charliesfarm3In a time when slasher movies are few a far between, us faithful fans of the sub-genre are often left disappointed. Not due to their infrequency but due to their (mostly) poor quality. Thankfully, Charlie’s Farm does not disappoint. Writer-director Chris Sun is clearly a huge fan of slashers himself and knows that to make a good one is not to re-invent the wheel but to do the basics, and do them well.

As far as the plot goes, it is very much by the numbers – You will know who is going to die and you will probably even guess what order they will die in, but the fun part is seeing how they die. Nathan Jones portrays Charlie, the hulking killer who systematically wipes out any and all visitors to his farm in brutal fashion. The make-up effects are excellent and the performances of the actors are brilliant across the board, with a special mention to Trudi Ross who puts in a mesmerising turn as Mrs Wilson, Charlie’s protective mother.

charliesfarm2My only real criticism of the film, if you can call it a criticism, is of Kane Hodder’s strange cameo role. His character adds nothing to the actual story and almost felt as if it had been written in at the last minute merely to capitalise on Hodder’s name value. Other than that I have nothing but love for Charlie’s Farm and very much hope that we get a sequel. Chris Sun’s next film, Boar, not only stars Nathan Jones again but also Wolf Creek’s John Jarratt. Maybe I am dreaming, but I would definitely pay good money to see a Mick Taylor vs Charlie Wilson cross over movie!


Burying The Ex (2014) Review

bury1Burying the Ex (2014)

Directed by: Joe Dante

Written by: Alan Trezza

Cast: Anton Yelchin, Ashley Greene, Alexandra Daddario

Running Time: 89 Minutes

UK Certificate: 15

Studio: Image Entertainment

Max, played by Anton Yelchin (Terminator Salvation, Star Trek), is in a relationship with Evelyn, played by Ashley Greene (Twilight Saga). Evelyn is wanting to save the world in the most organised, eco-friendly way imaginable. She is unstable, irritating and often uses guilt to make Max believe he is in the wrong. Poor Max.

Working in a horror store, Max finds a Satan/genie trinket that apparently grants the wisher their hearts desire ‘the evil way’. Max promises Evelyn, bated by the promise of fancy-dress sex, that they will always be together forever in front of said item. The major issue is that Max is getting ready to break of the relationship, she is a control freak and folding away his classic, imported, movie posters is the last straw. In a freak accident, Evelyn is killed, allowing Max to get out of the relationship without breaking her heart.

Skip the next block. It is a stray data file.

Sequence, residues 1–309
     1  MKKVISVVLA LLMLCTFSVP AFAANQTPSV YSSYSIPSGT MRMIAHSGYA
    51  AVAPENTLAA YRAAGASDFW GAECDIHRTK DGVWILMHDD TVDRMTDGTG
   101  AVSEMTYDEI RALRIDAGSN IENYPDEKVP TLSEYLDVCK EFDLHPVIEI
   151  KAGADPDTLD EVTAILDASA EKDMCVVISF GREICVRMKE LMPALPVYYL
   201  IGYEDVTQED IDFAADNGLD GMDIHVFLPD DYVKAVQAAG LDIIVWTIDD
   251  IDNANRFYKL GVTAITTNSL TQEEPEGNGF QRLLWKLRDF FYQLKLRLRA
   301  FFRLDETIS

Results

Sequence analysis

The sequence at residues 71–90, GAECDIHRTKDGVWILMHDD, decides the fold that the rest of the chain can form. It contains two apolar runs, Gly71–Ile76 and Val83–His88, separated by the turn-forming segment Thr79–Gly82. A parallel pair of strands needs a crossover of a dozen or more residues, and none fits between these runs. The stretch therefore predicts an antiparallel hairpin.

bury2After a period of mourning Max moves on and meets the beautiful Olivia, Alexandra Daddario (San Andreas, True Detective), a girl who was seemingly made for him, she’s beautiful and quirky, relaxed and funny, everything Evelyn was not. Here arises the problem as Evelyn rises from her grave, believing that Max will greet her with open arms, after all she still thinks they are together and can pick up from where they left off, regardless of her smell and rotting flesh.

Based on a short story by writer Alan Trezza, the screenplay is witty and fully formed, but doesn’t rely on the usual tropes of a film of this type. Joe Dante directs confidently and with a flair usually seen by younger, indie directors. Dante is known for being able to mix horror and comedy successfully, early successes being The Howling, Gremlins and Piranha. With ‘Burying the Ex’ he continues this skill to great effect.

The three main leads are all wonderfully cast. Ashley Greene is perfect as the crazy, clingy, controlling, undead, Evelyn. Anton Yelchin has true sparks with Alexandra Daddario, they play off each other extremely well and you really feel their connection crackle on screen. The make up for Evelyn is a wonderful use of prosthetics and reminds us of how a little can go a long way, a small amount of CGI is used to create a few body contortions, or at least I believe it was CGI, otherwise Ms Greene is one flexible young lady.

bury3Burying the Ex is a black comedy with heart, a sometimes funny film, which should give the audience a grin, if not a chuckle from time to time. It was nice to see director, Joe Dante, returning to the type of stories that helped him make his name and hope it prompts him to try his hand at something bigger, something akin to one of those wonderful gems from my childhood such as Innerspace, Explorers, The ‘burbs and Gremlins. I can recommend Burying the Ex to anyone who likes things a little quirky, a little fresh or anyone who wants to see if Mr Dante hasn’t lost his touch…FYI he hasn’t.

Movie Rating: 7/10